The Mariners' defense of their division title has been a disaster
David Segui is no dummy. After missing out on postseason play in the first eight years of his big league career—the last 2� of which were spent in the small-market hell of Montreal—the first baseman became a free agent last fall. He signed with the Mariners, who had just made their second playoff appearance in three years and who would have seven recent All-Stars on this year's Opening Day roster. Plus, because the team is scheduled to move into a state-of-the-art, retractable-roof cash cow next summer, Segui figured he wouldn't have to worry about ownership unloading players to cut payroll. "I came here for a chance to win," Segui says, then pauses. "We had the chance. We just didn't win."
That might be the understatement of the year. Seattle's quest this September isn't the playoffs but merely to avoid becoming the third American League team to go from first to worst in its division in one year. At week's end the defending Western Division champs were 64-77 and battling the A's, a far less talented club, for third place. Unlike the world champion Marlins, the Mariners don't have the excuse that they traded away all their talent.
So what happened? Centerfielder Ken Griffey Jr. made a modest run at Roger Maris (and will almost certainly become the third man in history to have back-to-back 50-homer seasons), shortstop Alex Rodriguez is two homers short of becoming the third player to hit 40 homers and steal 40 bases, and Segui has been solid offensively and defensively (a team-best .308 average and one error). Seattle leads the majors in home runs and became the first team in history to hit 200 dingers in three consecutive seasons. Despite the power, Segui says, "there are so many areas we need to address—bullpen, leadoff hitter, defense, you name it."
In recent years Seattle has been plagued by those shortcomings but has always found a way to win. This season, though, a lot of bad mojo caught up with the club. Ace Randy Johnson spent much of the spring voicing his discontent with team owners for not having traded him after talks on a long-term contract extension broke down last fall. He then spent most of the season pitching like Lady Bird Johnson. Many of his teammates took management's refusal to re-up the Big Unit as a sign that ownership wasn't committed to winning.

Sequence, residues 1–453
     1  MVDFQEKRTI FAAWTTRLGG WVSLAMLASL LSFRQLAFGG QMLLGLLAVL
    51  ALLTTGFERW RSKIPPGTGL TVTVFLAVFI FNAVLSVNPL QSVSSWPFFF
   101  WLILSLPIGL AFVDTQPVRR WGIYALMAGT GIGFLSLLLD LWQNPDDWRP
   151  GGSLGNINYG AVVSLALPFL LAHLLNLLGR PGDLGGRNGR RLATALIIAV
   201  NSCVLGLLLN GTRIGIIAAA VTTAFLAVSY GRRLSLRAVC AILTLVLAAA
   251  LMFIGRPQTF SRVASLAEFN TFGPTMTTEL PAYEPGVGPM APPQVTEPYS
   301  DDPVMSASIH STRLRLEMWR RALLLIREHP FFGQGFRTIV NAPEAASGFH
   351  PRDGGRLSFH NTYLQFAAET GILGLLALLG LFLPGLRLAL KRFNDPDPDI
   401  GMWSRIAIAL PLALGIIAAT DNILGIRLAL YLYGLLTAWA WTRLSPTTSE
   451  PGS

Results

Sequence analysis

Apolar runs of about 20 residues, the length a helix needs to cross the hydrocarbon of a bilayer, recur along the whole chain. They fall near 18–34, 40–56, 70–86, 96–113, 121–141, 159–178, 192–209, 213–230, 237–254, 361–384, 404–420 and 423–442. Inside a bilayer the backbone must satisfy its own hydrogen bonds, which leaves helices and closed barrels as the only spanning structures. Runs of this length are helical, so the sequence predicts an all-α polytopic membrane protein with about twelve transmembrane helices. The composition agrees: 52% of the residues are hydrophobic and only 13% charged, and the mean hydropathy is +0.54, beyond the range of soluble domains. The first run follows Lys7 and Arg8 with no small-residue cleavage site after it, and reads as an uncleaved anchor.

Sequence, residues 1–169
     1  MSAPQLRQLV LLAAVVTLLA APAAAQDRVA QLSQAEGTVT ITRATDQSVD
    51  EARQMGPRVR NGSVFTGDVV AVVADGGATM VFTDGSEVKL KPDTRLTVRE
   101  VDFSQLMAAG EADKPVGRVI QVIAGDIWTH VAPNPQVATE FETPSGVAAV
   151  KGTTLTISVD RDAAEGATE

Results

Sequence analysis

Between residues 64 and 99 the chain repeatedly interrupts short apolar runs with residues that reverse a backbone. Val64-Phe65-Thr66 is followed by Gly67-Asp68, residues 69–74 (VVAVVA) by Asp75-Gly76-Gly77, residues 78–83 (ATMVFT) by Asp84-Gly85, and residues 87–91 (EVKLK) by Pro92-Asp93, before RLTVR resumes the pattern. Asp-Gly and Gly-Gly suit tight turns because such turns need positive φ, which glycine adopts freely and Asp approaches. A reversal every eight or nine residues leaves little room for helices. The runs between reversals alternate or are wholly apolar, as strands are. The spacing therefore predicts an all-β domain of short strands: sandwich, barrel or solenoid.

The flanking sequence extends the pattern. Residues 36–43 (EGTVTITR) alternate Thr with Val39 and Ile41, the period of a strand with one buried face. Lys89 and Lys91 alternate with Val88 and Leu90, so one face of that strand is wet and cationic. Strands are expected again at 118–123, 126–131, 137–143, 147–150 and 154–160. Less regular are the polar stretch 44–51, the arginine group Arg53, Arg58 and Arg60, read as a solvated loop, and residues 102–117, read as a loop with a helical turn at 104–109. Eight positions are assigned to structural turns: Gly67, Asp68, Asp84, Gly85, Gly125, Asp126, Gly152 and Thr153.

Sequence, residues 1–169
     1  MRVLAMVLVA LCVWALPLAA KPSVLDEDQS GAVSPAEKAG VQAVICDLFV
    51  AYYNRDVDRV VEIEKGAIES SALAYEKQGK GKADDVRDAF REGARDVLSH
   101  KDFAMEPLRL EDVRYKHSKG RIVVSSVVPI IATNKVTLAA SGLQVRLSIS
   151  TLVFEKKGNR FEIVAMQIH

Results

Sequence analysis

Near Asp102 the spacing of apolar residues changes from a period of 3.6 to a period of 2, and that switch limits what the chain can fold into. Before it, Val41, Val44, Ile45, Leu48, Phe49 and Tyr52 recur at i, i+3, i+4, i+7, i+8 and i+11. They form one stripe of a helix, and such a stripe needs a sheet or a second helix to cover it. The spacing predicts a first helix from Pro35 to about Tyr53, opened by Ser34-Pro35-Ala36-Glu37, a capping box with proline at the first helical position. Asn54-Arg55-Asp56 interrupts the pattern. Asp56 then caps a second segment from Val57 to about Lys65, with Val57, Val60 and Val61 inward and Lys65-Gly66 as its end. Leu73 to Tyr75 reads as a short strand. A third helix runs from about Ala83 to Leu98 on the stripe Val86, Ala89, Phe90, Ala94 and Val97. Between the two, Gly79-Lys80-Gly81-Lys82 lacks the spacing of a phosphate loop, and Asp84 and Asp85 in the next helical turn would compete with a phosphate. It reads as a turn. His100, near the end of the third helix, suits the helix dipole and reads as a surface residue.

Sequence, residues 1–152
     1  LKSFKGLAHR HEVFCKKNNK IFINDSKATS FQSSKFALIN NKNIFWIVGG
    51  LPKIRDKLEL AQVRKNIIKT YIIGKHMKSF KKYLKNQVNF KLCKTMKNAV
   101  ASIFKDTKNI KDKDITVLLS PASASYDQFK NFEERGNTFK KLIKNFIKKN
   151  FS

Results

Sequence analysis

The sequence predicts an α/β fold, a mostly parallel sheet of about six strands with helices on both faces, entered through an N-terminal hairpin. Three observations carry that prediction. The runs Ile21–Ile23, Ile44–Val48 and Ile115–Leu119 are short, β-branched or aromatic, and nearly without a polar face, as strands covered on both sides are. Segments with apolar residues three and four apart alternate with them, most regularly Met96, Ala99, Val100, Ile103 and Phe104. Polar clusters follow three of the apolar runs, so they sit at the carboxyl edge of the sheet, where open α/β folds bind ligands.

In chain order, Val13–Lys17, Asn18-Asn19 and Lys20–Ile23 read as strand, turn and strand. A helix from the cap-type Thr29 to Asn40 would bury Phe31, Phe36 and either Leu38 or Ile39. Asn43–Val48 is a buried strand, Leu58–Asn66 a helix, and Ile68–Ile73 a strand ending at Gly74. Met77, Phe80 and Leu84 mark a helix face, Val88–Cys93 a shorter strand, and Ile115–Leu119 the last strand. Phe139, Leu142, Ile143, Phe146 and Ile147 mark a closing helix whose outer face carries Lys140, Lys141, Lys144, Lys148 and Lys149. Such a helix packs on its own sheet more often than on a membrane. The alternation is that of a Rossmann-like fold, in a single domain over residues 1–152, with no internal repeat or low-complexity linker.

As upset as the players were, the fact remains mat they had all but played themselves out of the race by the time Johnson was dealt to the Astros. The bullpen set the tone for the season by blowing a three-run lead on Opening Day, and less than two weeks later it gave up seven runs in the ninth without retiring a batter to turn a 7-2 lead into a 9-7 loss to the Red Sox. That defeat dropped them 2� games out of first; they haven't been that close since.
The Seattle offense couldn't pick up the slack this time. In games in which the Mariners didn't homer more than once, they were 29-51 at week's end, and when they scored fewer than four runs, they were 9-42. They were hitting .274, but their performance in the clutch was abysmal—.252 after the sixth inning and .263 with runners in scoring position.
The good news for Seattle is that the team will be in position to get help in the off-season. Nearly all the players they want back next year are under contract, while most of the flammable bullpen and a few peripheral position players are free to walk.
Last winter free agent Randy Myers expressed interest in pitching in Seattle, but the Mariners didn't pursue him. The team can ill afford a similar lapse while addressing their bullpen needs this off-season. Other items on their wish list: a No. 1 starter, a leftfielder (the Mariners have used 59 alongside Griffey over the past 10 years) and a leadoff hitter.
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